Fruit and Vegetable Consumption Linked with Reduced Risk of Head and Neck Cancer
by Dr. C.D. Buckner M.D. 2011
According to the results of a study presented at the 2007 annual meeting of the American Association for Cancer Research (AACR), increasing your daily intake of fruits and vegetables may reduce your risk of developing head and neck cancer.
Head and neck cancers originate in the throat, larynx (voice box), pharynx, salivary glands, or oral cavity (lip, mouth, tongue). Most head and neck cancers involve squamous cells, which are cells that line the mouth, throat, or other structures. Important risk factors for head and neck cancer include smoking and alcohol use.
Because head and neck cancer is often associated with a decline in quality of life due to side effects of standard therapies as well as with suboptimal outcomes once the cancer has spread from its site of origin, prevention of this cancer is an active area of research.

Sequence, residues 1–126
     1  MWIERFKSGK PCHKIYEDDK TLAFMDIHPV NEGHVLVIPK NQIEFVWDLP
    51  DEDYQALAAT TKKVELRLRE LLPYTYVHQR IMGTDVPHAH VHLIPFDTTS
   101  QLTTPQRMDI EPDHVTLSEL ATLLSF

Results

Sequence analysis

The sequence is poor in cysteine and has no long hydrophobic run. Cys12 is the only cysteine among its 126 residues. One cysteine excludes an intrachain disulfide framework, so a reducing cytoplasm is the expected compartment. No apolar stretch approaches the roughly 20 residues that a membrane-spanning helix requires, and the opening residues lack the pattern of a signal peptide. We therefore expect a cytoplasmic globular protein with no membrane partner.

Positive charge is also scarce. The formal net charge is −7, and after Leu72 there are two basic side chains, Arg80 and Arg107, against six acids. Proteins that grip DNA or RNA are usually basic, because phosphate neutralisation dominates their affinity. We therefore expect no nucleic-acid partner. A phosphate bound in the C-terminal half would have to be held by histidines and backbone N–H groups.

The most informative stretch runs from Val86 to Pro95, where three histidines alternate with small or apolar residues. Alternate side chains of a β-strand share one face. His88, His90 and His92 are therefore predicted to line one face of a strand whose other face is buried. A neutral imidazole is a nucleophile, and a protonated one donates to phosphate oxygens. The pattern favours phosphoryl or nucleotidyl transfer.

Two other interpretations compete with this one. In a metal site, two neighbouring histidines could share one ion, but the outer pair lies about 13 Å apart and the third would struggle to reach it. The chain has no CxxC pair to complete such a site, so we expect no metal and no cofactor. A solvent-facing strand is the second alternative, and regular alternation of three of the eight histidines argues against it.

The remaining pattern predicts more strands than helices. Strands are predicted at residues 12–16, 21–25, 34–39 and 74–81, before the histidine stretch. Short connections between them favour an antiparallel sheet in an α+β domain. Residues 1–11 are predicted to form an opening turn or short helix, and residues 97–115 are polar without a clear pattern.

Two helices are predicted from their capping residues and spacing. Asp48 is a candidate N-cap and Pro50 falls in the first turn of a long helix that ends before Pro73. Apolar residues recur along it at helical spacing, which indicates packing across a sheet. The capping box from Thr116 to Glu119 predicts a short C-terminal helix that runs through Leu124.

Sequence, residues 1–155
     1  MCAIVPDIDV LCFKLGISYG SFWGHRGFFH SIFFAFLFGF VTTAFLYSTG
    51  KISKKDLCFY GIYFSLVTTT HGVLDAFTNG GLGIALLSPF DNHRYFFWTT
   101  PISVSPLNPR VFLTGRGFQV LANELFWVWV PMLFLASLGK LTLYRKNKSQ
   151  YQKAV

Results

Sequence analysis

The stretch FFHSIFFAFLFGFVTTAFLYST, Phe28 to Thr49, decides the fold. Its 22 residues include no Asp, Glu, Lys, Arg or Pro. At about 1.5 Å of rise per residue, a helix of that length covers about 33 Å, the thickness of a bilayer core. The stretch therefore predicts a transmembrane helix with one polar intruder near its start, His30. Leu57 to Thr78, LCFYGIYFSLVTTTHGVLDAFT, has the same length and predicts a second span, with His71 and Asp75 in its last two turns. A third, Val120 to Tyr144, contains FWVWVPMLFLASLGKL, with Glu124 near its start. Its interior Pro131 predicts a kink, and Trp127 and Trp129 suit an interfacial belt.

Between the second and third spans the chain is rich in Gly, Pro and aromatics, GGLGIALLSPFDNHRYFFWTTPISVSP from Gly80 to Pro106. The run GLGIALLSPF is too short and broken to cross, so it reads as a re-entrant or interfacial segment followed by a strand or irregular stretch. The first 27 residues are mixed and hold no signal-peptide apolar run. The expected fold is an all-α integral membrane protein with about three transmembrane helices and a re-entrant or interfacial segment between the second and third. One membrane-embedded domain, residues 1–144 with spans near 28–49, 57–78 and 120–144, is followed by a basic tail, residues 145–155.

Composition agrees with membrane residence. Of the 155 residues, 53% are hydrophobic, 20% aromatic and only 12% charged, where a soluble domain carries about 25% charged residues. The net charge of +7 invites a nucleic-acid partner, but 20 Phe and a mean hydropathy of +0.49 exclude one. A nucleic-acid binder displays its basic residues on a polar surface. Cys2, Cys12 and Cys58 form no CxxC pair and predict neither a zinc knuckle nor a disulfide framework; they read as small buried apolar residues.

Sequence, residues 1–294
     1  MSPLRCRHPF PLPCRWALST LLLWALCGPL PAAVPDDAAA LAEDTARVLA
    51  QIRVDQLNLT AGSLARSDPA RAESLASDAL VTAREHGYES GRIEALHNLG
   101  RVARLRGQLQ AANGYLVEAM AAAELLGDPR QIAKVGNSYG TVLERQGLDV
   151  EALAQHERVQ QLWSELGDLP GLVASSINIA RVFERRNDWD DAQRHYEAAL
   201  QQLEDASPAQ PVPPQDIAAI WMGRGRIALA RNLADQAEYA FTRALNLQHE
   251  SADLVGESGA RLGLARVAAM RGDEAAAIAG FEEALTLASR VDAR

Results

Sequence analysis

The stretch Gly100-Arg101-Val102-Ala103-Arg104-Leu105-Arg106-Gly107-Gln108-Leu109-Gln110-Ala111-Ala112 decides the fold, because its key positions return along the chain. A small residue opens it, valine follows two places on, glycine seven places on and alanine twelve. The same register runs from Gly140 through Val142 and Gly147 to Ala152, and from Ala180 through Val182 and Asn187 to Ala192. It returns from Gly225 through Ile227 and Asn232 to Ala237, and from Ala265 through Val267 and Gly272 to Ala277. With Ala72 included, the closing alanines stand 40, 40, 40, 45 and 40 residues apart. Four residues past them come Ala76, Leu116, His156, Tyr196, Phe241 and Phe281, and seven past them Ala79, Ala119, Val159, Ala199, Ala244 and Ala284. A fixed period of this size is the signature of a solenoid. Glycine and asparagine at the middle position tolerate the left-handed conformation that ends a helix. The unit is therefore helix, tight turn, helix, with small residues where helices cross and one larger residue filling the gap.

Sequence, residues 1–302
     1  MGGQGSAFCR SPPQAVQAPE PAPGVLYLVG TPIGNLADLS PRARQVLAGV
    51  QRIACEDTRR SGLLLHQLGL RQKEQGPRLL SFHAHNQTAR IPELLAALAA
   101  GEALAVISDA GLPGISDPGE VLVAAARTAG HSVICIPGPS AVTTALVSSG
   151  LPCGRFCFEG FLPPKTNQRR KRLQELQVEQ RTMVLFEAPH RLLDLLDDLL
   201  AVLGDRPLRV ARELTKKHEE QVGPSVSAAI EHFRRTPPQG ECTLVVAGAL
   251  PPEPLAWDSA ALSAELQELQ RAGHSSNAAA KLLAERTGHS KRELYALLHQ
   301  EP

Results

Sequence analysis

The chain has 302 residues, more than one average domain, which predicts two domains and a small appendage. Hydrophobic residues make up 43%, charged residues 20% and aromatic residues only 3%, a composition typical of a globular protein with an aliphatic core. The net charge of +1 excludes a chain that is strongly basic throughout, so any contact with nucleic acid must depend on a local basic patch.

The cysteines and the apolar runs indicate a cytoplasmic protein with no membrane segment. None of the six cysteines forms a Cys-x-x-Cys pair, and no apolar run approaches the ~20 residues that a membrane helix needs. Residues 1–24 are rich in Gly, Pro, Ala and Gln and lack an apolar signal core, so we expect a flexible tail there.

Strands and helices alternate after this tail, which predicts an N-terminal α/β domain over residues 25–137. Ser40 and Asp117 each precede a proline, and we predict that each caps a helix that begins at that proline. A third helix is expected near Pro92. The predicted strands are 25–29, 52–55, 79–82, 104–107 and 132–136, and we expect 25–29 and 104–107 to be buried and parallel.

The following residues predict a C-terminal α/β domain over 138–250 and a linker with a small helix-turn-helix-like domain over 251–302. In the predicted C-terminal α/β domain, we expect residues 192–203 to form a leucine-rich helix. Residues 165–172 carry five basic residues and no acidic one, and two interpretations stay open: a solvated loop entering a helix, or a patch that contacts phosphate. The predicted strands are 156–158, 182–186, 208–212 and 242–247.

To assess the relationship between fruit and vegetable intake and risk of head and neck cancer, researchers evaluated information from the NIH-AARP Diet and Health study. The study enrolled more than 490,000 individuals age 50 or older. Over a five-year period, 787 of the study participants developed head and neck cancer.
- Individuals with higher intake of fruits and vegetables were less likely to develop head and neck cancer. Overall, vegetables appeared to offer more protection than fruit.
- Plant groups that were linked with a reduced risk of head and neck cancer included leguminosae (string beans, peas, and dried beans); rosaceae (apples, peaches, nectarines, plums, pears, and strawberries); and umbelliferae (carrots).
The researchers conclude that higher intake of fruits and vegetables appears to be linked with a reduced risk of head and neck cancer.
Reference: Freedman ND, Park Y, Subar AF et al. Fruit and vegetable intake and head and neck cancer in a large United States prospective cohort study. Presented at the 2007 annual meeting of the American Association for Cancer Research, Los Angeles, CA, April 14-18, 2007. Abstract 849.